In the middle of 2010, private equity firm KKR (KKR) went public. The deal was muted, and the stock would continue to languish for years thereafter … that is, until this year. In fact, the stock is up an impressive 64% in 2013, more than doubling the returns of the S&P 500.
Actually, much of the private equity sector has had a nice run. Consider that the Blackstone Group (BX) is up 88% and Apollo Global Management (APO) has posted a gain of 76%. The only laggard is the Carlyle Group (CG), which is still beating the market at 28%.
So going into the new year, what are the prospects for KKR stock? Can it keep up its winning ways? Let’s take a look at the pros and cons:
Global Platform: The private equity business is fairly young, with origins going back to 1976, when cousins George Roberts and Henry Kravis formed KKR. Their strategy was to buy companies using huge amounts of debt and then to take steps to improve operations. All in all, it has resulted in above-market returns, and private equity has grown into a massive industry. But along the way, KKR has continued to expand its platform. For example, the company has moved into lucrative categories like energy/natural resources and real estate. But KKR has also built up a strong asset management operation with hedge funds and credit vehicles.
Secular Trends: It’s tough for institutional investors to consistently achieve strong returns, especially with interest rates at low levels. Often this requires a focus on alternative investments like private equity and hedge funds. Yet institutions not only look for funds that have standout performance but also ones with experience dealing with multiple market cycles. What’s more, they want organizations that have lots of scale. It often means they can attract top-notch talent and get access to the best deals. All in all, KKR is in a great position because of its long history and infrastructure. It is also a one-stop shop for institutions that want to get exposure to alternative assets.
Bull Market: This has been a key driver for KKR stock. The firm has a portfolio of 82 companies across 15 industries, many of which are household names. Eventually, these companies will go public again or be sold, generating substantial returns. The good news is that, with the continued bull market, the IPO market should continue to gain strength. More importantly, investors are willing to buy private-equity deals, as we saw with the two major ones just last week: Hilton (HLT) and Aramark (ARMK).
Market Volatility: Again, a key to KKR’s turnaround has been the strong bull market. But there’s no guarantee that the momentum will continue. After all, there are signs that the Federal Reserve will began to tighten monetary policy, which could take down equities. There are also concerns that it will get tougher for Corporate America to produce profits. In other words, if there is a move to the bear side, KKR’s shares are likely to take a big hit.
Deal Risk: Even though KKR has a top-notch team that does tremendous due diligence, the risks are still considerable. Because of the huge sizes of a typical deal, a few wipeouts can have an adverse impact on returns. Just look at the Energy Future Holdings, which was the largest buyout in history (at $48 billion). But the timing was terrible, as the transaction was struck in 2007. The company suffered from the drop in natural gas prices as well as a general fall-off in demand for its electricity generation. As of now, it looks like EFU will file for Chapter 11, which will mean that KKR will lose much of its investment. But KKR was not alone. Other top investors lost a bundle like TPG and Goldman Sachs (GS) — as well as Berkshire Hathaway’s (BRK.B) Warren Buffett.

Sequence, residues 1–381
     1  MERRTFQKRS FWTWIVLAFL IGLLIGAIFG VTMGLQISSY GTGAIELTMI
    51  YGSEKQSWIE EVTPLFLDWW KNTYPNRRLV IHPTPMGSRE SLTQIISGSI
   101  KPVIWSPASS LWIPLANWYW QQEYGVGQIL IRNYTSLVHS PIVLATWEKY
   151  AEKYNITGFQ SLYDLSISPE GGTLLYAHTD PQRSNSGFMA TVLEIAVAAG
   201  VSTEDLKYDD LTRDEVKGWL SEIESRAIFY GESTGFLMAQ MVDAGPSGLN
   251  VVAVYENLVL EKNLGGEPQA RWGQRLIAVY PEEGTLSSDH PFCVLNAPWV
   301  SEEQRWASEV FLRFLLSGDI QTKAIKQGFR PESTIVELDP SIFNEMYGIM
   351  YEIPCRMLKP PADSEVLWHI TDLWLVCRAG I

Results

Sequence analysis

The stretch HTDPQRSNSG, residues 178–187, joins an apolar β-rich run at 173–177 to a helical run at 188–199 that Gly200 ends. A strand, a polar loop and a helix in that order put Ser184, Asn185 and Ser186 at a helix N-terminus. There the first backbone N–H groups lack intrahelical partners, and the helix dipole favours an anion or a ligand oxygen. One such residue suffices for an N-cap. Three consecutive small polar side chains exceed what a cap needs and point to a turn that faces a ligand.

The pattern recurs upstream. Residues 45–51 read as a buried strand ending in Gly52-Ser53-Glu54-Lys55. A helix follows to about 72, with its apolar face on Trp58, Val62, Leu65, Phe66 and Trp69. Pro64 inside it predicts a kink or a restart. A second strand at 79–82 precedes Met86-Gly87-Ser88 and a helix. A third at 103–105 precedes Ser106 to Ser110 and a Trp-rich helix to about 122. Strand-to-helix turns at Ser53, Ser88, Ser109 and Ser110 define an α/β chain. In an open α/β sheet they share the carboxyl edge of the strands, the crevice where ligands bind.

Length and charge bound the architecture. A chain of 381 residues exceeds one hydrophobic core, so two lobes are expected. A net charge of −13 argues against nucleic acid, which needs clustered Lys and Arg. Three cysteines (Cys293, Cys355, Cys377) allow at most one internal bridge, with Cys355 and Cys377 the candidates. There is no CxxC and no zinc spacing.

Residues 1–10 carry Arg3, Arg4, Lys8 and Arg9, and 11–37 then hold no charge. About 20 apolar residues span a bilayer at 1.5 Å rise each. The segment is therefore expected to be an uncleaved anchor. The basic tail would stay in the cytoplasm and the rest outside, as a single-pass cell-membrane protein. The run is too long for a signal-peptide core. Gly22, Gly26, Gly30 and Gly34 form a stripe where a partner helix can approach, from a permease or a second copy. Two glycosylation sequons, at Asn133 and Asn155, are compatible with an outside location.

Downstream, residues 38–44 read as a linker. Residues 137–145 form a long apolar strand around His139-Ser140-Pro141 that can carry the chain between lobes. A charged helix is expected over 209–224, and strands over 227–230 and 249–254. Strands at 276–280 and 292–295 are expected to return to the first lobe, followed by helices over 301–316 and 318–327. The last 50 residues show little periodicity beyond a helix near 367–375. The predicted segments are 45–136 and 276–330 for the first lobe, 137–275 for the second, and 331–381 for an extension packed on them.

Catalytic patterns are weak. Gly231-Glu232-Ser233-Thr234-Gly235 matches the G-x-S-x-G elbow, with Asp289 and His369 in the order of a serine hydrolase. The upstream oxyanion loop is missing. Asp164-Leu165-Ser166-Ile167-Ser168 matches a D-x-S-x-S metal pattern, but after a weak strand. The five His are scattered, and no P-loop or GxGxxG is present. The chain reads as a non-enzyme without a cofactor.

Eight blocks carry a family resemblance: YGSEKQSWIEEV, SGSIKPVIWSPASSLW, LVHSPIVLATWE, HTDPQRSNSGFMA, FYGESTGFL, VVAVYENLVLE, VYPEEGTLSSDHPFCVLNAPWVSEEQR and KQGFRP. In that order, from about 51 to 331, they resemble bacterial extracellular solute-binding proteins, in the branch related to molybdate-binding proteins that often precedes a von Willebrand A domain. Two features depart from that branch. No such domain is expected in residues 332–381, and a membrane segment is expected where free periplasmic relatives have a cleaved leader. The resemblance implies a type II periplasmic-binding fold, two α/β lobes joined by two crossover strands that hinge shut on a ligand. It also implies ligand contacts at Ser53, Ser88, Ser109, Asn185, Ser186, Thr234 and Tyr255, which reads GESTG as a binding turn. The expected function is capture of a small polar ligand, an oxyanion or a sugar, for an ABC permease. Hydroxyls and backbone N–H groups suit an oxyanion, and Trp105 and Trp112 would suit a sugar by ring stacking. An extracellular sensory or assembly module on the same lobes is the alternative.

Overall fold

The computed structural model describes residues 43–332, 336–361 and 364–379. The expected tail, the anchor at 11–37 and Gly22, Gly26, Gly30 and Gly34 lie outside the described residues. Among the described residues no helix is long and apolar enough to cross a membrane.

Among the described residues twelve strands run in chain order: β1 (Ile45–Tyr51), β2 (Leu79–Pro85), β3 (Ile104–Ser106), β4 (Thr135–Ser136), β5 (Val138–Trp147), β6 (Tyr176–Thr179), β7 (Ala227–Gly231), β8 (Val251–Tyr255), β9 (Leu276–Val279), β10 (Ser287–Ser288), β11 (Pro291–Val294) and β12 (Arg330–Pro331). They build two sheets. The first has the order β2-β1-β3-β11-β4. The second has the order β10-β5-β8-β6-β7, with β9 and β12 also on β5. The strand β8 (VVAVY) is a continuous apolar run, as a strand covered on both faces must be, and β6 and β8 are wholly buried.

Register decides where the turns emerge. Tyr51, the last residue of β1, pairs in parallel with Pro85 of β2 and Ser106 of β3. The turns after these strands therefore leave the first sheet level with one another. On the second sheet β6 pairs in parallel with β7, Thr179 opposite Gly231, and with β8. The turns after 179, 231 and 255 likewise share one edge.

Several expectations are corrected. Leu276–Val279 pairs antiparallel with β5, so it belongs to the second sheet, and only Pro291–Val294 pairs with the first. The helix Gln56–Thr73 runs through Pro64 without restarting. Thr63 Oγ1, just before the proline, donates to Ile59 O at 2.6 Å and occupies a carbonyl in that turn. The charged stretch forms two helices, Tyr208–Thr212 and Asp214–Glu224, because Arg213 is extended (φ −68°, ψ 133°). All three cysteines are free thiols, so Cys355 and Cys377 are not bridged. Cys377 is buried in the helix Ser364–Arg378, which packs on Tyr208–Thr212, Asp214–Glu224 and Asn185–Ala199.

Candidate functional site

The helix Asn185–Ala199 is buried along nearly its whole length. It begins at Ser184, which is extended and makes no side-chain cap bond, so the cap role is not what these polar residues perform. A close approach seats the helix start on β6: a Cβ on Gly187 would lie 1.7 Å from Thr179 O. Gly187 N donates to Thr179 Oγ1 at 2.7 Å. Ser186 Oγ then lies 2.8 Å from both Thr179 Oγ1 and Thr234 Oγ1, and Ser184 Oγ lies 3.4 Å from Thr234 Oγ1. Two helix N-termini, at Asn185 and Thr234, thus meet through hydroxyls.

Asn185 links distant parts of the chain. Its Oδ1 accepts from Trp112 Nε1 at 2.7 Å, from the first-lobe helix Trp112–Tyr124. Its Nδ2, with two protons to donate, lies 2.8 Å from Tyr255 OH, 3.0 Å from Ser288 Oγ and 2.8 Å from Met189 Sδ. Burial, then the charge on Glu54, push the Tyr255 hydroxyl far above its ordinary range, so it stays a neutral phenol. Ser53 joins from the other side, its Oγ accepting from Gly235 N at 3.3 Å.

Retail Investors: KKR has dealt primarily with institutions and governments. But over the past couple years, it has been building a platform — such as with exchange-traded funds — for individual investors. However, there are some issues. While the market is substantial, there remains tremendous competition from players like Charles Schwab (SCHW) and BlackRock (BLK). For the most part, KKR has seen little traction. Even worse, it could be a distraction from its more profitable core business.
KKR has not been without its problems. The firm hasn’t gotten traction with its efforts with individual investors, and it has pulled off a few terrible buyouts.
Despite this, KKR remains a highly disciplined organization and has posted a consistent track record. In aggregate, its private funds generated an average annual internal rate of return of 26% for the past 37 years. That kind of performance is why KKR keeps attracting substantial amounts of capital, which provides lucrative fees.
And as the public markets remain bullish, KKR should keep growing its overall earnings. This should lead to further gains in the stock price and the dividend payout, which already yields a solid 3.7%.
So should you buy KKR? Yes — if you want to benefit from the secular trends in private equity, the stock’s pros outweigh the cons.
Tom Taulli runs the InvestorPlace blog IPO Playbook. He is also the author of High-Profit IPO Strategies, All About Commodities and All About Short Selling. Follow him on Twitter at @ttaulli. As of this writing, he did not hold a position in any of the aforementioned securities.